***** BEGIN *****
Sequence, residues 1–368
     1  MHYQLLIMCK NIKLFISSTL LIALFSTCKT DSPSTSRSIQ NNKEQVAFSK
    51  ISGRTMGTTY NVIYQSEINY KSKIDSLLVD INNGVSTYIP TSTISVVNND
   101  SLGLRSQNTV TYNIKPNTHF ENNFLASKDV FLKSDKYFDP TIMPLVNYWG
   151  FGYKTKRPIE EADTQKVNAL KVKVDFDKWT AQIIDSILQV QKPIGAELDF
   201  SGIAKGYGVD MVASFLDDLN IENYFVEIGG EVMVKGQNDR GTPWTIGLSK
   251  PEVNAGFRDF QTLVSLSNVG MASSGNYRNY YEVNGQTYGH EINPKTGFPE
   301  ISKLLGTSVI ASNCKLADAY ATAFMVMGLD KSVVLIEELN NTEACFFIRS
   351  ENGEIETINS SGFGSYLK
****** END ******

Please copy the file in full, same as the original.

Sequence, residues 1–368
     1  MHYQLLIMCK NIKLFISSTL LIALFSTCKT DSPSTSRSIQ NNKEQVAFSK
    51  ISGRTMGTTY NVIYQSEINY KSKIDSLLVD INNGVSTYIP TSTISVVNND
   101  SLGLRSQNTV TYNIKPNTHF ENNFLASKDV FLKSDKYFDP TIMPLVNYWG
   151  FGYKTKRPIE EADTQKVNAL KVKVDFDKWT AQIIDSILQV QKPIGAELDF
   201  SGIAKGYGVD MVASFLDDLN IENYFVEIGG EVMVKGQNDR GTPWTIGLSK
   251  PEVNAGFRDF QTLVSLSNVG MASSGNYRNY YEVNGQTYGH EINPKTGFPE
   301  ISKLLGTSVI ASNCKLADAY ATAFMVMGLD KSVVLIEELN NTEACFFIRS
   351  ENGEIETINS SGFGSYLK